There is a secret the pest control professionals don’t want you to know; some cockroach solutions are right there in your own home. From bathroom chemicals to household cleaners, remedies for roaches are usually right at hand. This assumes you only dealing with a stray American cockroach and not an entire cockroach infestation, but nevertheless, the simplest way to get rid of cockroaches may be a soapy solution.
- Simple soapy water can be used as an effective method to kill cockroaches.
- Soap disrupts a cockroach’s protective waxy layer, making them more susceptible to other repellents and toxins.
- To get the best results, use a liquid soap with a concentration of no less than 32% and apply it directly onto roaches.
Will Water and Soap Eliminate Roaches?
As unbelievable as it sounds, simple soapy water does act as a roach killer if it is a high enough concentration and applied thoroughly. The myth is that the female cockroaches that lay eggs are reliant on filthy bacteria to keep them healthy, and the soap deprives them of this protective bacteria. While this isn’t 100% accurate, it does contain some truth.
The first way that soapy water can kill German cockroaches and other common roach species is it will block their spiracles which allows air past the exoskeleton. This method is only effective if the spiracles are fully covered and unable to open and close, which will suffocate a single roach in a very short amount of time.
If the airways become unblocked or the roach can get in the water, it is possible it will survive as there are few long-term repellent effects and no residual toxicity in soapy water.
Soap water is also one of the best remedies for roaches because it can remove the waxy layer on a roach’s exoskeleton, which leads to extreme water loss and increased toxin susceptibility. Without this protection, individual cockroaches become much easier to kill, and any other remedy for roaches, like diatomaceous earth or boric acid, instantly becomes more effective.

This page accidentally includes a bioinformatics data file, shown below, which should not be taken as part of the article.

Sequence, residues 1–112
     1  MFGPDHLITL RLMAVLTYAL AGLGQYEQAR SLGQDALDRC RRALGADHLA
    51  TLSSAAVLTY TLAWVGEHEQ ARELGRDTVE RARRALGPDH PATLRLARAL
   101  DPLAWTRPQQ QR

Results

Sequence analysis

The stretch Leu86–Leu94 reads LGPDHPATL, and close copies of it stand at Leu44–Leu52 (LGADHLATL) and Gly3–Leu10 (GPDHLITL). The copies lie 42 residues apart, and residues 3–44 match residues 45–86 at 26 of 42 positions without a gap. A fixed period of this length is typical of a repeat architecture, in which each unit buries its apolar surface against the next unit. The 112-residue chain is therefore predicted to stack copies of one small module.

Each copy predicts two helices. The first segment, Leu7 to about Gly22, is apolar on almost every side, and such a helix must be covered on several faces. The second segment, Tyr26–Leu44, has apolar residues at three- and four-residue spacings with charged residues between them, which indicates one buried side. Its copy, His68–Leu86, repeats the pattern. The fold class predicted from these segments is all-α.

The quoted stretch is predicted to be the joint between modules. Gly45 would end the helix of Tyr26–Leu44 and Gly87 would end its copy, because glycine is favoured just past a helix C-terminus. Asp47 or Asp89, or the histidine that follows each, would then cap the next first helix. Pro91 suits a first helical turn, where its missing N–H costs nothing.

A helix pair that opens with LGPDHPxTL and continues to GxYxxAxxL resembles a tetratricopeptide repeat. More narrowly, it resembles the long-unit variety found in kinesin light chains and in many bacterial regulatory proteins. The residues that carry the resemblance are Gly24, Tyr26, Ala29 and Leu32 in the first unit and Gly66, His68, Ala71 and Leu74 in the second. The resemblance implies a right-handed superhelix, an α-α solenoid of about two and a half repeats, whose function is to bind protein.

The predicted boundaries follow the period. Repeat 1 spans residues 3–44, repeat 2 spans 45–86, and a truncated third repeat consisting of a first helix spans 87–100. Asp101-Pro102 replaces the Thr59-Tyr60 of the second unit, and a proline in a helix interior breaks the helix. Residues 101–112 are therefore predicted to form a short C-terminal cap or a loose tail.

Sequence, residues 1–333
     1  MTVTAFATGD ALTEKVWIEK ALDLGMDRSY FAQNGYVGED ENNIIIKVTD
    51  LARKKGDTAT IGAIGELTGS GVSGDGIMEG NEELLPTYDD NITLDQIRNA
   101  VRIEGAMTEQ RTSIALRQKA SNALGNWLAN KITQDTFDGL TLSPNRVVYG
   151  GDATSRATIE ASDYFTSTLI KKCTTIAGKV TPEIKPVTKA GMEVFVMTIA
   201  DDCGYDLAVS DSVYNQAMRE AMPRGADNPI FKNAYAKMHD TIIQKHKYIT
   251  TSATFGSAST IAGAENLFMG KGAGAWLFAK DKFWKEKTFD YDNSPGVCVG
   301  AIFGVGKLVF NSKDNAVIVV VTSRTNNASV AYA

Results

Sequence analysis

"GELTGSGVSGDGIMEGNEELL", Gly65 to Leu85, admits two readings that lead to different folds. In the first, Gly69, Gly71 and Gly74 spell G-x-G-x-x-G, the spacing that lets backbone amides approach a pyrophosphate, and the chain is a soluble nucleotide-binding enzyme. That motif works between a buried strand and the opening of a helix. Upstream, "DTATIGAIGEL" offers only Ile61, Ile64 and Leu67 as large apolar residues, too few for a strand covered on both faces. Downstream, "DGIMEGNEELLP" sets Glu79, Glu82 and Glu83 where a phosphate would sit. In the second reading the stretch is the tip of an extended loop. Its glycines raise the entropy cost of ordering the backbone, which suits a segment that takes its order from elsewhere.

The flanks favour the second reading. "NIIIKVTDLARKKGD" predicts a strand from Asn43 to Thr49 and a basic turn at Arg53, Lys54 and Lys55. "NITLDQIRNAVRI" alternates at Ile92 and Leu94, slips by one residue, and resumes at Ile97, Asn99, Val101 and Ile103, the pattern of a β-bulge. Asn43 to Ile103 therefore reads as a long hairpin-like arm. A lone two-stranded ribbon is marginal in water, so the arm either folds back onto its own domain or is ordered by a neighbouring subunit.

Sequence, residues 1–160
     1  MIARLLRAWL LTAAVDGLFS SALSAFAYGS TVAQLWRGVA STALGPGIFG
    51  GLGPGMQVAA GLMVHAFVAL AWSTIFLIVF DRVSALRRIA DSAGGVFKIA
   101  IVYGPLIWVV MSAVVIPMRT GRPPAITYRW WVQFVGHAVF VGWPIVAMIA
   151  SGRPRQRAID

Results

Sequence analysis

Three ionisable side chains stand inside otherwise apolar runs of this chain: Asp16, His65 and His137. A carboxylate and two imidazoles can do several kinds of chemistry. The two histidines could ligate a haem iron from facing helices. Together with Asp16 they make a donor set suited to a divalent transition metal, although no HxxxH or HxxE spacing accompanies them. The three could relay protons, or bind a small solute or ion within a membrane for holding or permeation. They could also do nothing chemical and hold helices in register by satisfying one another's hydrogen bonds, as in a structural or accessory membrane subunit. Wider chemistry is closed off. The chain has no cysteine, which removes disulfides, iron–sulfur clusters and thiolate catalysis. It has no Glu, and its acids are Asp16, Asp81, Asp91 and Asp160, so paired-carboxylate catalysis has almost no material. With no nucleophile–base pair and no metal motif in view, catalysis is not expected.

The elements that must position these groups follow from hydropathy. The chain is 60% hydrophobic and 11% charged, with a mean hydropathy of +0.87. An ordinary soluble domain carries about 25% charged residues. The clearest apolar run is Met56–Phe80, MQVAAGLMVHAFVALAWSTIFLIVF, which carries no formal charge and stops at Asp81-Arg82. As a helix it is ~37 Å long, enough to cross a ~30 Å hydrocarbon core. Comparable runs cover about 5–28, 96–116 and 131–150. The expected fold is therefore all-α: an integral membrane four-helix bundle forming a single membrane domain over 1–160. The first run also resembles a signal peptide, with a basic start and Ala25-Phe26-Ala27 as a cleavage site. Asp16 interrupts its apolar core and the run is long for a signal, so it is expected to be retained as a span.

Is Soap A Good Roach Poison?
Soap can be a good roach poison if it is used correctly, but in general, bars of soap and some soap powders can also be a food source for desperate roaches. While a professional exterminator won’t recommend it, especially for a bad cockroach infestation, soap with water is a cheap and effective roach killer. When applied correctly, this harmless chemical pest control method can keep your kitchen and bathroom roach free.
For the best results, make sure the mixture is at least a 32% or higher concentration of soap for reliable results. Cockroaches are tough pests, so a weak mixture of soap will not be effective. Other readily available products like boric acid, alcohol, cinnamon oil, lemon, and vinegar can be added to make the mixture even more deadly to pests.
Soap containing baking soda, borax, tea tree, or other natural insecticides can poison roaches even in dry or powder form and, when added to a sugar mixture, can wreak havoc on a cockroach’s abdomen. Borax and sugar mixtures are common bait in cockroach traps used by an exterminator.
Instead of toxic insecticide sprays, soap water is a safe and effective method of control as ingesting small amounts of soap generally won’t harm children and pets and with no risk of poisoning through accidental contact.